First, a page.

Twenty-five years is a long time, particularly in the fickle record business.
Such is the relentless turnover of tastes and attitudes that few record labels can survive the ebb and flow without making deep concessions to popular taste.
For a quarter of a century, Russell Simmons’ hip-hop label Def Jam has done just that.
With the vinyl-only re-release (what, you don’t own a record deck?!) of label highlights on gain-friendly double albums and 12″s, musicOMH has received its license to ill and offer its surfing public a brief overview of the label’s history…
With the fashions, attitudes and vernacular of hip-hop so ingrained in the collective imagination, its hard to imagine a time when the tag-team braggadocio, buffalo stances and boom-bap timing wasn’t the default setting for any would-be star giving it the big I-am.
Though Sylvia Robinson’s Harlem label was the first hip-hop label to have a chart hit (The Sugar Hill Gang‘s Rapper’s Delight in 1979), and rival label Profile first signed the groundbreaking Run DMC, it was Def Jam who took the form into the mainstream.
With seven full-time staff, Def Jam released three platinum-selling albums in three years (Run’s Raising Hell, LL Cool J‘s Radio, and Public Enemy‘s Yo! Bum Rush The Show).
There may be wailings and gnashing-of-teeth from purists but given Def Jam’s success, Russell Simmons’ (possibly revisionist) claim that he had identified the true orientations of ‘modern, mainstream, young, urban America’ is difficult to argue with.
If you add the recent words of Def Jam’s reigning CEO (one Shawn ‘Jay-Z‘ Carter), that ‘the hip-hop lifestyle has proven to be a globally financial powerhouse’ then its clear how far the biggest US black-owned music business has come.
That said, Hip-hop’s assault on the mainstream didn’t happen without some degree of miscegenation. Though inarguably the voice of specifically black New York street culture, the harsher, less party-friendly sound that characterised early Def Jam recordings was the province of Simmons’ Jewish business partner, Rick Rubin.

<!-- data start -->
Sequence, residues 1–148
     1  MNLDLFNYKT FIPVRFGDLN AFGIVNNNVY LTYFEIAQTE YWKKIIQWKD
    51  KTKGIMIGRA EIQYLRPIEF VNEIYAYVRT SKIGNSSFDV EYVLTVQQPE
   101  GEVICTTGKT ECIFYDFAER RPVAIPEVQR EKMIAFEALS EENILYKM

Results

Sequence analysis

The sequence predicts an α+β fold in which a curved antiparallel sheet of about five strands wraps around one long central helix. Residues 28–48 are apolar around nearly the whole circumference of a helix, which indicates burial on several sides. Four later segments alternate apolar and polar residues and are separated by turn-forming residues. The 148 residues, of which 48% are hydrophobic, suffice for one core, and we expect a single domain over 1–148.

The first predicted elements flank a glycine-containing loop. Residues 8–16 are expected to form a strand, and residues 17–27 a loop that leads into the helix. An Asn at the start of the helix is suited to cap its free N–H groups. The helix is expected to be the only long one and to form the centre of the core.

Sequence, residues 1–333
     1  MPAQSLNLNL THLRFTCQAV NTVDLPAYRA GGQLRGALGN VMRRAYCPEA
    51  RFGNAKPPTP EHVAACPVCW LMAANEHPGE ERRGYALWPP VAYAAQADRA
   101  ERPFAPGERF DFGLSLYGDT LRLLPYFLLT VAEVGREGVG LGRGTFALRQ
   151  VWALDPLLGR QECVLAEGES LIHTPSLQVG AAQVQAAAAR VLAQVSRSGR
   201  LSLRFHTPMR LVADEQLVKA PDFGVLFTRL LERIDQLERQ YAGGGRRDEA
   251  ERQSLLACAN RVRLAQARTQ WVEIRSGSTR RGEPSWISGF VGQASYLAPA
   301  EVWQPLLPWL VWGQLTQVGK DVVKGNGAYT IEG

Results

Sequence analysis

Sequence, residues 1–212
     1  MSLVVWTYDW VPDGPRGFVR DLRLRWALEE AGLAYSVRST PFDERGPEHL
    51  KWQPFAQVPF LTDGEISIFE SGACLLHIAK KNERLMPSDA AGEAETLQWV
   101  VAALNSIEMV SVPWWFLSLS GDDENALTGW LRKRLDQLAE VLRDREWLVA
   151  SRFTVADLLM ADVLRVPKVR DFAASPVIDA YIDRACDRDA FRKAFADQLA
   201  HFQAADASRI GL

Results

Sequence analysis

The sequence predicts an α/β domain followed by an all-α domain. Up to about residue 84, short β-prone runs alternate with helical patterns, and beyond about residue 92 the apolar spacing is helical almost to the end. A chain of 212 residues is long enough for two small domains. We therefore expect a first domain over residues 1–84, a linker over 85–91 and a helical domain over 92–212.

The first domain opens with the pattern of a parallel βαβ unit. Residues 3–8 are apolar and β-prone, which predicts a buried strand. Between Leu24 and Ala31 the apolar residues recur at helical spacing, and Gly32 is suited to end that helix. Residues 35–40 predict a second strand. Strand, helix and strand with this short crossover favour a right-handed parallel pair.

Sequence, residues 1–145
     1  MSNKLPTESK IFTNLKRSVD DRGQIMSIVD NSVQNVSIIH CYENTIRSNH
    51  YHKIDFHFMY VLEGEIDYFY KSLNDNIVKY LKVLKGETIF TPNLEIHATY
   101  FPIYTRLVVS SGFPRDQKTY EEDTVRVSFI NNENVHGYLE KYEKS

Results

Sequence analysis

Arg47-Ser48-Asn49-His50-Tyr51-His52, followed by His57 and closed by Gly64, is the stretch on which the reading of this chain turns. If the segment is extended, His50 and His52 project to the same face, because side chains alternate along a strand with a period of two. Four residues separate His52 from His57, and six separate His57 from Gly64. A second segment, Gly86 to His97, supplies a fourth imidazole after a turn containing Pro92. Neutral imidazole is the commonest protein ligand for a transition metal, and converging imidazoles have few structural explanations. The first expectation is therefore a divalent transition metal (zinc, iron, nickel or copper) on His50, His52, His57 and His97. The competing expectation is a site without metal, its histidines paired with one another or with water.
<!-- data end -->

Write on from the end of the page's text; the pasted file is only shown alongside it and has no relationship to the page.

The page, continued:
Having produced one of the most potent early hip-hop records outside of Sugarhill and Afrika Bambaataa (T La Rock and Jazzy Jay‘s It’s Yours) Rubin’s hook-up with Sociology student and ex-Queens gang member Simmons proved to be a mercurial mix. Once the first true Def Jam release, LL Cool J’s brutally minimal I Need A Beat, shifted 100,00 copies, it wasn’t long before the major-label finance of Columbia began to underwrite the label’s success.
“Simmons’ creed of “if it’s real, don’t change it” has remained a constant throughout the label’s history… “
However, corporate backing didn’t alter Simmons’ refusal to compromise the label’s integrity. Simmons creed of “if its real, don’t change it” has remained a constant throughout the label’s history, even when ‘real’ means conspicuous consumption and a multimillion pound property starring on MTV’s Cribs.
Def Jam’s major breakthrough came with the genius conflation of rap’s street vernacular with its white-as-Christmas diametric opposite, Heavy Metal. Aerosmith‘s Walk This Way had long been a block-party favourite with DJ’s, the band themselves long missing in action. Run DMC’s late Jam Master Jay had even used the break himself, even though the Hollis trio had no idea who Aerosmith were. Now Simmons’ RUSH Management had firmly established Run DMC as a Def Jam act (Simmons is the elder brother of ‘Run’ himself), the brief alliance with Aerosmith broke down more metaphorical walls than the memorable video.
After the Hollis trio’s Raising Hell’s unapologetic amalgam of rock dynamics with hardcore rap attitude, it was a short leap to the frat-boy antics of The Beastie Boys. By the time Licensed To Ill hit the high street, Def Jam had the youth vote all sewn up.
Def Jam could have coasted. Success with the unique Slick Rick, the smooth EPMD, and Simmons’ ultimately doomed attempt to run a sustainable R’n’B offshoot quickly followed. Rather than waiting for the competition to catch up (and for a genre that was consistently reinventing itself, there was plenty of competition), the label raised the bar to a height that has been rarely matched within or without hip-hop, the eponymous release of Public Enemy‘s first single.